VIII. It is simply not true that the combination of forms of the imperfect (3rd
yΩsäbr) and the converb (gerund) respectively (3rd säbro) with an auxilliary verb (3rd -al(l)) is a typical feature of Amharic. However, this formation and similar ones can
be found in many Ethio-Semitic languages among them the “Northern” Tigre and Tigrinya.
Te. / Tña
Te. sabbΩr hΩllƗ / hallƗ
Tña yΩsäbbΩr ()allo
Te. –
Tña säbiru (/säyru) (a)llo

2. R. Hetzron’s views on the classification of Ethiopian Semitic
A number of M. Cohen’s arguments were adopted by Hetzron (Ethiopian Semitic 1972)
who argues from a more linguistically oriented platform in favour of a classificatory
separation of South Ethio-Semitic from North Ethio-Semitic on the basis of the following
morphological innovations. He stresses, rightly I think, that a genetic classification of
language groups can only ensue through morphological innovations at a shared knot-point.
Hetzron’s main arguments refer to the criteria laid down by M. Cohen under his headings
III. and IV.
The first one refers to the distribution of consonant length in the perfect and imperfect
forms in Northern and Southern Ethiopic languages.
In Ge‘ez consonant length is a feature of the B stem (02) as well as of the present tense
forms. This results in ‘double’ consonant length for the present forms of the 02 stems, partly
manifested in “quadriradicality”, i.e. four radicals, or palatality, respectively. To the
development **yΩfäĞĞĞΩm > *yΩfäLƈäĞĞΩm > yΩfeeĞĞΩm see Voigt: Gemination (1990). The


Rainer Voigt

new form is shown in bold. The arrows symbolize the two dimensions in which consonant
lengthening has been present since Proto-Semitic times.6

Imperfect (present)
yΩsäbbΩr, yΩsäbbΩruu
**yΩfäĞĞĞΩm > yΩfeeĞĞΩm

In the next step which opens the development to ‘South’ Ethiopic, palatality, i.e. the
long ee vowel, spreads from the imperfect to the perfect:
Imperfect (present)
yΩsäbbΩr, yΩsäbbΩruu
yΩfeeĞĞΩm, -uu
According to Hetzron in the next two steps lengthening in the imperfect of the basic (01)
stem is abandoned and lengthening of the second consonant is introduced into the perfect
form of the basic stem. This leads to the two new forms säbbärä (< säbärä) and yΩsäbr (<
yΩsäbbΩr). In this connection I shall not comment further on the ee vowel in the perfect and
imperfect (present) of the 02-stem. Its palatal nature triggers the palatalization of the first
radical (Cee > Cjä), e.g. Ge‘ez dämärä ‘put in’ > *deemmärä > *d jemmärä > Woläne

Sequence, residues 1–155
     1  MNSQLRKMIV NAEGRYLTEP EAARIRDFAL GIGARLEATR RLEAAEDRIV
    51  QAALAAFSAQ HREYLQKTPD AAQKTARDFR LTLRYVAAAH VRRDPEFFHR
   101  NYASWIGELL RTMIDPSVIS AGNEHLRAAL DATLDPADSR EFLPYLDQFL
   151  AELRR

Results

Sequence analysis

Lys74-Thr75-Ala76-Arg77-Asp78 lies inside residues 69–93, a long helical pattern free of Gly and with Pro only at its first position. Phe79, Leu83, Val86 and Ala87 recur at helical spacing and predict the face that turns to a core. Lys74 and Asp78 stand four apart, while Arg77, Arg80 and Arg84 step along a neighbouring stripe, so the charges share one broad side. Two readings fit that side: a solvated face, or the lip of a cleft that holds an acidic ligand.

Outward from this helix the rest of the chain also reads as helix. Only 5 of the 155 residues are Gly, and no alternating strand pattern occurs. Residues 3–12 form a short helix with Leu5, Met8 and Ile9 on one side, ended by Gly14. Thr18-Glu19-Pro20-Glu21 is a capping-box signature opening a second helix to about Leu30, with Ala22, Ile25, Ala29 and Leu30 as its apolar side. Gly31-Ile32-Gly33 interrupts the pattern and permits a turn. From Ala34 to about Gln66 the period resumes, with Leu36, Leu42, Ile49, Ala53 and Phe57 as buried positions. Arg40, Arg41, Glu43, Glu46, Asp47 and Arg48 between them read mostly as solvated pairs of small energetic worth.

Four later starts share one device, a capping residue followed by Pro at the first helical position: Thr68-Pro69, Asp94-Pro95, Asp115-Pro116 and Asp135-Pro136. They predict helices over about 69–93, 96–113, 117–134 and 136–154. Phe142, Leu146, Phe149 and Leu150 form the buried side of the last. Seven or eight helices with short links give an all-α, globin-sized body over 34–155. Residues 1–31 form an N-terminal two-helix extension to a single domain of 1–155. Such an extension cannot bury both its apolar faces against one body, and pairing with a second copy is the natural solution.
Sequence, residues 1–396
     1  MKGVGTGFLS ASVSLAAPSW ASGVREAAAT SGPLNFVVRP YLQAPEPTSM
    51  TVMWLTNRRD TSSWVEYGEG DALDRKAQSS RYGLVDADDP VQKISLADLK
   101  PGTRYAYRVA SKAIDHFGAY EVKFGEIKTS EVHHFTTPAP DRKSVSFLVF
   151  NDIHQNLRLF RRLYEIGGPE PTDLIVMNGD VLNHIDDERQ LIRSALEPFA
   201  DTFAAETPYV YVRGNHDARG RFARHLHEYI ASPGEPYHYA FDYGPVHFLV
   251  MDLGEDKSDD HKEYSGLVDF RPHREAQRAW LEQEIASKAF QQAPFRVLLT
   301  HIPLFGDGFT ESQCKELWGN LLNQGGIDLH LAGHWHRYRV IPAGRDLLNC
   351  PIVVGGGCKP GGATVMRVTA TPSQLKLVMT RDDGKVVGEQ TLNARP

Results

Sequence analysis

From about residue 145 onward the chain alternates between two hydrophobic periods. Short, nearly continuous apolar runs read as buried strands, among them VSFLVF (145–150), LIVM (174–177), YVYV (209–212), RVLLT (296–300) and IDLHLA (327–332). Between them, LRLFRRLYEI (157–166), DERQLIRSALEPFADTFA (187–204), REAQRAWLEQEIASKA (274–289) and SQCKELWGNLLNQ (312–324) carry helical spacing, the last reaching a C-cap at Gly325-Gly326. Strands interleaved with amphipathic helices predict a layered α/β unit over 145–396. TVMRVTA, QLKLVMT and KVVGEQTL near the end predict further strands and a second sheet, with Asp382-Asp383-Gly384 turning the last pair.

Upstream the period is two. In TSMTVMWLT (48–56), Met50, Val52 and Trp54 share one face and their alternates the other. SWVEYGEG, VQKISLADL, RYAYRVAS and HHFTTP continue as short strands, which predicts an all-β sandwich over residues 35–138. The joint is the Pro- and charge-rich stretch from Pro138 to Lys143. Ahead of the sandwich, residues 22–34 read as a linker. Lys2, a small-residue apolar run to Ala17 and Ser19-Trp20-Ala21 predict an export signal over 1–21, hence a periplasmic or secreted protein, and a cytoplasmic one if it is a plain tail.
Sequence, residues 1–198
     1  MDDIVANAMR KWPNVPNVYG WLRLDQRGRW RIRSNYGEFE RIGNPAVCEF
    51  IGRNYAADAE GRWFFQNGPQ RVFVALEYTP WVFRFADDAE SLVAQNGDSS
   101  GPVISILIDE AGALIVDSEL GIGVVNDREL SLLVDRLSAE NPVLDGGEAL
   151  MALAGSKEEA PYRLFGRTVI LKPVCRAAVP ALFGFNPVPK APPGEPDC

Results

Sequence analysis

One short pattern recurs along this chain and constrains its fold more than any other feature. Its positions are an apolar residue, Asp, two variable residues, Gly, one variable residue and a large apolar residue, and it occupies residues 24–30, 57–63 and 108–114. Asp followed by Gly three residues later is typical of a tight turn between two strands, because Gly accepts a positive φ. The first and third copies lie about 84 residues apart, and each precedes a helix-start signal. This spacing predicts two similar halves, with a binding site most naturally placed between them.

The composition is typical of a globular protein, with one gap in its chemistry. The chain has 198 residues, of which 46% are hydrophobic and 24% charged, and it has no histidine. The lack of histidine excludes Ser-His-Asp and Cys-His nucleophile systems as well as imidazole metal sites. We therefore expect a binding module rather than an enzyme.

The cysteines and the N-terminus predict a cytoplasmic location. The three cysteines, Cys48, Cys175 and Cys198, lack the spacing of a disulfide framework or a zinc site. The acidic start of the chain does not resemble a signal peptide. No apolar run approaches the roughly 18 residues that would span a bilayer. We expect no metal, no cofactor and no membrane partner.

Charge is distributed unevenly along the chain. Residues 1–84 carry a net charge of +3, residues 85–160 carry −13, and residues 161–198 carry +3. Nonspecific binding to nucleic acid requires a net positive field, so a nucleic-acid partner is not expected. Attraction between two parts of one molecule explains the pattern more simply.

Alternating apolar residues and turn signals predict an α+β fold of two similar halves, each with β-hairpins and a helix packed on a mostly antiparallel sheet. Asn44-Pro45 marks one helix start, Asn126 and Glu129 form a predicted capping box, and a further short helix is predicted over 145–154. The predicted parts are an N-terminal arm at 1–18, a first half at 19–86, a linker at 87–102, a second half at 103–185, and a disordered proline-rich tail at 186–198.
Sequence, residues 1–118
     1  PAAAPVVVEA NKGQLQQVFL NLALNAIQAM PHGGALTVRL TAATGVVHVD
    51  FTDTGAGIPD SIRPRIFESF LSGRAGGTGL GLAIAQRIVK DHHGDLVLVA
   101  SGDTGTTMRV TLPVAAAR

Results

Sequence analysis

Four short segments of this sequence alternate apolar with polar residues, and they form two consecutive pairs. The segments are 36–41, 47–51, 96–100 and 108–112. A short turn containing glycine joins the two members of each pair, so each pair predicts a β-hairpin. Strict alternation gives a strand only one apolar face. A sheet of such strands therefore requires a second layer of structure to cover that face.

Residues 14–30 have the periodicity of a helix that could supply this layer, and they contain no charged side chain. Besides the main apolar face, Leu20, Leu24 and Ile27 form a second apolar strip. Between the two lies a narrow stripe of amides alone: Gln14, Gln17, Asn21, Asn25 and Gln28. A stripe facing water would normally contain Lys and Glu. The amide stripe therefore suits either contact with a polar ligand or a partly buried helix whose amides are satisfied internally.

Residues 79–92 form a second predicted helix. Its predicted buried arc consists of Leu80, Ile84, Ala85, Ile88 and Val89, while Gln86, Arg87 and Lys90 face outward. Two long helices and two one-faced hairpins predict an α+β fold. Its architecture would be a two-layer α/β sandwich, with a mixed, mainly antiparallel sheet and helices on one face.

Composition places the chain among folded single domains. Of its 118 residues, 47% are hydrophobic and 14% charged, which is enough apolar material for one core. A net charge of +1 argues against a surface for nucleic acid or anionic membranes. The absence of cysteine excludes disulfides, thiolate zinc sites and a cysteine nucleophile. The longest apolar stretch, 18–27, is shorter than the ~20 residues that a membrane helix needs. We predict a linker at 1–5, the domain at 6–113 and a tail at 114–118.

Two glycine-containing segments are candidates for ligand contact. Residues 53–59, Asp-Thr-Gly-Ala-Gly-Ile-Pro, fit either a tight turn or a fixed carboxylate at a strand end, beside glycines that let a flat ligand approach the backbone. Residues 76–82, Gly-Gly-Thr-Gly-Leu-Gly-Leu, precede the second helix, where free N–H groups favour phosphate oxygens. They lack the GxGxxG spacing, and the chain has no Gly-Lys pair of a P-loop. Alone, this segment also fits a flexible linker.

÷emmärä / Zway žƯmärä > Amh. ÷/žämmärä ‘begin, start’ (in case this etymology is
correct, v. Leslau: Etymological 1979:317).
Imperfect (present)
(> fäĞĞämä)
(> yΩfäĞĞΩm)
The introduction of consonantal lengthening in the perfect and its abandonment in the
imperfect are two different processes that should not be mentioned in one breath. Otherwise
there is the danger of seeing the two processes causally connected, a danger Hetzron fell
victim to as well (v.i.).
There appears to be no description of the Ethio-Semitic language-group available that –
following Hetzron – does not start from a fundamental North-South bipartition. I shall only
point to the most recent attempts: Hudson (Ethiopian 2000:80) and Girma (Ethio-Semitic
2001:69ff.). The latter goes as far as stating: “The division of Ethiopian Semitic into North
and South Ethiopic is not a problem”. One can only assume that this geographical
divisionary principle is felt to be “natural”; aren’t Northern and Southern Germany,
Northern and Southern Italy (cf. “Mezzogiorno”), Northern and Southern France (cf. “Le
Midi”), North and South Korea quite different from each other and consequently so must
Northern and Southern Ethiopia be, which almost seems to place this bipartite division
beyond any doubt.7 However, the linguistic evidence for this view is extremely sparse and

6 This feature of consonant lenghtening in the imperfect (present) forms is well preserved in Akkadian
and Ethiopic.
7 In his contribution to a discussion about a paper presented by Hetzron, Palmer (Genetic 1975:122)
expresses quite a critical view concerning the North-South division of the Ethio-Semitic languages.
However, of late he has not reiterated this view, as far as I know.


North vs. South Ethiopian Semitic

is mostly restricted to the alleged opposition of North ES säbärä – yΩsäbbΩr versus South
ES säbbärä – yΩsäbr.
As we shall see further on, these forms do not in fact adequately reflect the reality on
the ground. Thus the allegedly exclusively Northern Ethiopic form säbärä is not restricted
to the North and the allegedly exclusively Southern Ethiopic form yΩsäbr is not restricted to
the South. Although Hetzron’s arguments are more exhaustive than those of his followers
who quote him quite uncritically, one must attribute some blame to Hetzron for propagating
in such an extremely simplifying manner this very pronounced bisection of this linguistic
group – against his better judgment. One only needs to mention the short exposé in
Hetzron’s Gunnän-Gurage (1977:18), where this misleading scheme is proposed again.8